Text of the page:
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Alice Ruth Moore Dunbar-Nelson (1875-1935)

Alice Dunbar-Nelson was born on July 19, 1875, as Alice Ruth Moore, in New Orleans, Louisiana of African American, Native American and Caucasian ancestry. She attended public school in New Orleans and enrolled in a teacher's training program at Straight University (now Dillard University) in 1890. Upon receiving her degree in 1892, she began teaching in New Orleans.

Three years later in 1895, Alice Ruth Moore published her first book, Violets and Other Tales, which was a mixture of short stories, poetry, sketches, etc., which would begin a multifaceted career as an author of many genres, including fiction, drama, and newspaper journalism. In 1897, Moore moved to Brooklyn, New York, where she taught at the White Rose Mission. At this time Moore began corresponding with the poet Paul Laurence Dunbar and in March, 8, 1898, she married Dunbar and moved to Washington, D.C. The marriage lasted until 1902, when they were legally separated; Dunbar died on February 6, 1906.

Following her separation from Paul Laurence Dunbar, Alice Dunbar moved to Wilmington, Delaware. She took a position as a teacher and administrator at Howard High School which she held until 1920. During this period she also directed the summer session for in-service teachers at State College for Colored Students (the predecessor of Delaware State College) in Dover, and taught two years in the summer session at the Hampton Institute. In 1907, she took a leave of absence from her teaching position in Wilmington and enrolled as a student at Cornell University, returning to Wilmington in 1908. In April, 1916, Alice Dunbar married Robert J. Nelson, a journalist, politician, and civil rights activist.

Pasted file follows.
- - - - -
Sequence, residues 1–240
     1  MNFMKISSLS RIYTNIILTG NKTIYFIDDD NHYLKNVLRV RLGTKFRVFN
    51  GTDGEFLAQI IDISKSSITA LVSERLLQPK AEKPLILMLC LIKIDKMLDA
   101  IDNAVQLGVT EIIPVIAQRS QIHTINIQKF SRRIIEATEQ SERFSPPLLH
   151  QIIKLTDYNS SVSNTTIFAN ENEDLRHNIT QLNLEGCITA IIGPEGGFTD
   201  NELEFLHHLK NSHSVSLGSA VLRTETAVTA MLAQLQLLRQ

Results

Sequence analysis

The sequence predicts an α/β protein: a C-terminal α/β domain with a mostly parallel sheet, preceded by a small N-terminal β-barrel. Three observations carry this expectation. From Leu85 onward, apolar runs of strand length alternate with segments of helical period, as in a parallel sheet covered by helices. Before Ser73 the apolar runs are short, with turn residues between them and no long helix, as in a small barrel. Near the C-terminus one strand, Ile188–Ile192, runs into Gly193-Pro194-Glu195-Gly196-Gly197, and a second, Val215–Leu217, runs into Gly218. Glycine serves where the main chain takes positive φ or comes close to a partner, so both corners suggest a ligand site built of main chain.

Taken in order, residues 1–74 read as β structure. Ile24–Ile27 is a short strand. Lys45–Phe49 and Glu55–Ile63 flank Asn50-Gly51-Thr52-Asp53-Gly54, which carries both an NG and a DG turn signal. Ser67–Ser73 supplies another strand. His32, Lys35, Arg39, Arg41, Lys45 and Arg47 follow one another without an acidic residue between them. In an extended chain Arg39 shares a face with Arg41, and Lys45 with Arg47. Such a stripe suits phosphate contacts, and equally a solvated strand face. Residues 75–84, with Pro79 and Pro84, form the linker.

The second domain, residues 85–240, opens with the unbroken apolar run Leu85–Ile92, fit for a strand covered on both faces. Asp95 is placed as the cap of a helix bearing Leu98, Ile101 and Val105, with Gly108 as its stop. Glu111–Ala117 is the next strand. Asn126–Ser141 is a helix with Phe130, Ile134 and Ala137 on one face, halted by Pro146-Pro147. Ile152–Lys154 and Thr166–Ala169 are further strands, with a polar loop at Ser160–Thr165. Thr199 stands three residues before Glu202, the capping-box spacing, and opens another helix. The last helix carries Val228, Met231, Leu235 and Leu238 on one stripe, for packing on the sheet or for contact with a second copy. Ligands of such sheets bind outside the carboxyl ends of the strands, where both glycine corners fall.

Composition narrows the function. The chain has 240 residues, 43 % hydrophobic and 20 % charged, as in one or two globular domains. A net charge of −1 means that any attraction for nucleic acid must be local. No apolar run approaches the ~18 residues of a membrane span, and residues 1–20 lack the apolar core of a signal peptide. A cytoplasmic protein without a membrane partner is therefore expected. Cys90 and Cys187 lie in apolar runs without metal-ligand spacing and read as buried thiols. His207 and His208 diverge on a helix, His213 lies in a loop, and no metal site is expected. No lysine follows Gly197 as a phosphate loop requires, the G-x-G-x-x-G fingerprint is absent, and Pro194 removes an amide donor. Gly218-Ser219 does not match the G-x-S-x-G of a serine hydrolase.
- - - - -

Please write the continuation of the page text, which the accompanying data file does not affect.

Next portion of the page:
Although Alice Dunbar-Nelson had been active in social, political, and cultural organizations since her youth, this involvement increased around the time of her marriage to Robert Nelson. She was extremely active in Delaware and regional politics, as well as in the emerging civil rights and women's suffrage movements. In 1915, she was field organizer for the Middle Atlantic States in the campaign for women's suffrage. During World War I, Dunbar-Nelson served as a field representative of the Woman's Committee of the Council of National Defense. Subsequently she served on the State Republican Committee of Delaware and helped direct political activities among black women. From 1928-1931, she was executive secretary of the American Friends Inter-Racial Peace Committee.

From 1920-1922, Alice Dunbar-Nelson, together with Robert Nelson, was co-editor and publisher of the Wilmington Advocate, a progressive Black newspaper. From this period on, Dunbar-Nelson maintained an active career as a journalist. She was a highly successful syndicated columnist and wrote numerous reviews and essays for newspapers, magazines, and academic journals. Dunbar-Nelson also continued to write stories, poems, plays, and novels, much of which remains unpublished.

During the 1920s and 1930s, Alice Dunbar-Nelson's prominence as a political and social activist reached its high point. She reached a wide audience through her journalism; she was also in demand as a public speaker and gave numerous lectures and speeches on political, social, and cultural topics. Alice Dunbar-Nelson's life and career during this period is documented in detail in her diaries. Although Alice Dunbar-Nelson appears to have maintained a daily diary for most of her adult life, surviving portions bulk for the period 1921-1931. These surviving examples offer a comprehensive look at Dunbar-Nelson's daily activities for the most productive period of her career.